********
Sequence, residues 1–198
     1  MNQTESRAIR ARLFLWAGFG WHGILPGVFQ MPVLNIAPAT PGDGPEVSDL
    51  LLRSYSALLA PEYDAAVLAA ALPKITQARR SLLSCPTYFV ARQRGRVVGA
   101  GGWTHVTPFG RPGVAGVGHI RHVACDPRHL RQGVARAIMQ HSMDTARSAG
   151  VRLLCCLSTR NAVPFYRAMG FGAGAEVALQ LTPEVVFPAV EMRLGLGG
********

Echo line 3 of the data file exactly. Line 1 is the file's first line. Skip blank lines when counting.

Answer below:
    51  LLRSYSALLA PEYDAAVLAA ALPKITQARR SLLSCPTYFV ARQRGRVVGA